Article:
Cochrane Database of Systematic Reviews. 2009;((1):):CD003595.
A systematic review of randomized controlled trials for plasma exchange in the treatment of thrombotic thrombocytopenic purpura
Transfusion Medicine. 2007;17((1):):17-35.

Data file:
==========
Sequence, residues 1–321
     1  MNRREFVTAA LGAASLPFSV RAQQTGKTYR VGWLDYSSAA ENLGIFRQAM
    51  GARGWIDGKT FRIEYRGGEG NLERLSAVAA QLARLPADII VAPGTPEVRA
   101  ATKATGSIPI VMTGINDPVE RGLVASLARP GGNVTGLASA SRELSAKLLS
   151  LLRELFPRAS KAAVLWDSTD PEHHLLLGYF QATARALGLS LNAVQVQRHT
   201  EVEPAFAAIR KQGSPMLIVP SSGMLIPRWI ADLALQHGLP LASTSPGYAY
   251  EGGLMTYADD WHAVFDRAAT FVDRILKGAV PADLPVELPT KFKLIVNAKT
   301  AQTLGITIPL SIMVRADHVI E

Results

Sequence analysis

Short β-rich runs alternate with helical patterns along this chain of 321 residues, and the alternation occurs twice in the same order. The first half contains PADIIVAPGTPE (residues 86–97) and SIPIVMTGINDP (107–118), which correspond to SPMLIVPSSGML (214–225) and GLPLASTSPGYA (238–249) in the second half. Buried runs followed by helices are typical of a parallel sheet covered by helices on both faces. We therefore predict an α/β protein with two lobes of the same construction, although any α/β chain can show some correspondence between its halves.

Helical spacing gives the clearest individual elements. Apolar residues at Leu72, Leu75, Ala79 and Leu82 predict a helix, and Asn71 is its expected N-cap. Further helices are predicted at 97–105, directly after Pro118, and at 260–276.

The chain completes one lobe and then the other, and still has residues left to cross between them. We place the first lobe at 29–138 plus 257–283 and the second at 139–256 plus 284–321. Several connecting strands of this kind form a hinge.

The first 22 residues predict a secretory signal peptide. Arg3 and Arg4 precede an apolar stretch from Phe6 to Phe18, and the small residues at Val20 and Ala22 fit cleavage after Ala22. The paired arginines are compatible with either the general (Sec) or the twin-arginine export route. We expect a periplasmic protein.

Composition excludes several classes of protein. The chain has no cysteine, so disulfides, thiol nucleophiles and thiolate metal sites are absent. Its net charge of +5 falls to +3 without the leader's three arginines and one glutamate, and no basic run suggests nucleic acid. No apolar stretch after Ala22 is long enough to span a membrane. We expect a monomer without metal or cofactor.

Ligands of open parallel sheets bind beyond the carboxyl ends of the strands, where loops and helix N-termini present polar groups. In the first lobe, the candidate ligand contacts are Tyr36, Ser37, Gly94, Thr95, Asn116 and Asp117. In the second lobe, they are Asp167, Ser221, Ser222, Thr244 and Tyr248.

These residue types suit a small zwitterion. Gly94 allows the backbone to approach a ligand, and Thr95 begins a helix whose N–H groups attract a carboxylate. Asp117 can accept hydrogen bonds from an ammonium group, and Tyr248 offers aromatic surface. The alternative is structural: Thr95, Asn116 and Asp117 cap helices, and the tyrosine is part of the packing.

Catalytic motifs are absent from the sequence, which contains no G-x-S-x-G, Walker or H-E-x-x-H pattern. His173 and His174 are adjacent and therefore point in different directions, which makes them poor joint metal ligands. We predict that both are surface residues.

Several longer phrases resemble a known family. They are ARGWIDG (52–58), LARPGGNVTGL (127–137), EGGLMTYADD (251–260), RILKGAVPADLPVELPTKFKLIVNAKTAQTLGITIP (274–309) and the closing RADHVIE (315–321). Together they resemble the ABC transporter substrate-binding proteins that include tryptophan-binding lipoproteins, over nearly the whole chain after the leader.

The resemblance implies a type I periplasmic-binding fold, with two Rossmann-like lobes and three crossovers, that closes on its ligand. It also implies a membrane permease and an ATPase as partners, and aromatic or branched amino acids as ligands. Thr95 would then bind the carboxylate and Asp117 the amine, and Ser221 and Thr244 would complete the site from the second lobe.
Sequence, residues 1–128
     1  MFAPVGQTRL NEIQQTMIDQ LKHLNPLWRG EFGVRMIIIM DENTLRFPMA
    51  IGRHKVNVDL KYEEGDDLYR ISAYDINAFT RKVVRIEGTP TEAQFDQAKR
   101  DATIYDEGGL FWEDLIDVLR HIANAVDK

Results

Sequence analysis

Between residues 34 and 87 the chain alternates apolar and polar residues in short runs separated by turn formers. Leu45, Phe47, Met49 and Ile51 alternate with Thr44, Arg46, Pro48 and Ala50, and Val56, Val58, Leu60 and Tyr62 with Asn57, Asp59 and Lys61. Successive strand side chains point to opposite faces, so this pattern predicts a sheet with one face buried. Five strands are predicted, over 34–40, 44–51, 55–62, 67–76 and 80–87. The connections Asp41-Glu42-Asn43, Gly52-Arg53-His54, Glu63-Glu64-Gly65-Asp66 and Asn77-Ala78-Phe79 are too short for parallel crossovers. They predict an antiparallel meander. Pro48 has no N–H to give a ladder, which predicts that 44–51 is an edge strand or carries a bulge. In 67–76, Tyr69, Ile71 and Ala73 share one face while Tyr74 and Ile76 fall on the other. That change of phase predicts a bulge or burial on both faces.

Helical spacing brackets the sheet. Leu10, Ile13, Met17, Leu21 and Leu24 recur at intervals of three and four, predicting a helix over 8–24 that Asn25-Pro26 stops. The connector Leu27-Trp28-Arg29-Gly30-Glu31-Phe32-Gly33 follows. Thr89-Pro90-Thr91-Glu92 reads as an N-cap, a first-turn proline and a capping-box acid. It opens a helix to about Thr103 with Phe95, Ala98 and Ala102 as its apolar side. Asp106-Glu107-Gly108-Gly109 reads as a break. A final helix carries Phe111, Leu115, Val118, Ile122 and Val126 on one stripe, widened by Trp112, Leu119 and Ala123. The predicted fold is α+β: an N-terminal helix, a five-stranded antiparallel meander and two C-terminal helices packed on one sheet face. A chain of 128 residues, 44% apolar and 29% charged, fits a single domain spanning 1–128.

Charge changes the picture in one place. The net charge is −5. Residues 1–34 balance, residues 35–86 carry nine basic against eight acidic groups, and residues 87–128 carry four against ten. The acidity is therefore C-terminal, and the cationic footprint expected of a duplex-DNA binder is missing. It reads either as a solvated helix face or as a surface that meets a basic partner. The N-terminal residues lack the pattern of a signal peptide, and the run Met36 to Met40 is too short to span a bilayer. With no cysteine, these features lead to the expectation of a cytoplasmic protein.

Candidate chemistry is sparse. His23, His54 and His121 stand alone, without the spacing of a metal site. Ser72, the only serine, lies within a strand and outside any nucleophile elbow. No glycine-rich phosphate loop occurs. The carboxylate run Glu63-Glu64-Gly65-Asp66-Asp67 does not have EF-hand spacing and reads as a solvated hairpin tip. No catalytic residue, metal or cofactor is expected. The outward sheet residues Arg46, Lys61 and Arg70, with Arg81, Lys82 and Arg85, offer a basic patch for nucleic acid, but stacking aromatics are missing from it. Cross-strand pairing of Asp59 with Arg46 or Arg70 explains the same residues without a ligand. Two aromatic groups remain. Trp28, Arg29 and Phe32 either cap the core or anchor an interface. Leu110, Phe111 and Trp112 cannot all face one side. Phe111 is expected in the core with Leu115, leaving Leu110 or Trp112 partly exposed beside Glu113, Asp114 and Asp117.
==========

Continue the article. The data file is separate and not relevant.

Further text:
The mainstay of treatment for thrombotic thrombocytopenic purpura (TTP) is plasma exchange (PE). A systematic review was undertaken to summarize the randomized controlled trial (RCT) evidence, to date, on PE as treatment for TTP. Seven randomized RCTs were identified till May 2005. A statistical reduction in mortality was found in patients receiving PE compared with patients receiving plasma infusion (relative risk 0.31, 95% confidence interval 0.12-0.79). No statistical difference in mortality was found in trials comparing different replacement fluids for PE. There were few differences in the response to treatment and the resolution of the presenting signs of TTP in any trial. Lack of data prevented a full assessment of the incidence of adverse events. None of the studies included measured patients' quality of life. Further research is required to determine the benefits and side effects associated with different replacement fluids for PE. It is recommended that there should be consistency in the diagnostic criteria, measurement of clinical outcomes and length of follow up. Continued support of existing TTP patient registries and establishment of new registries would facilitate this.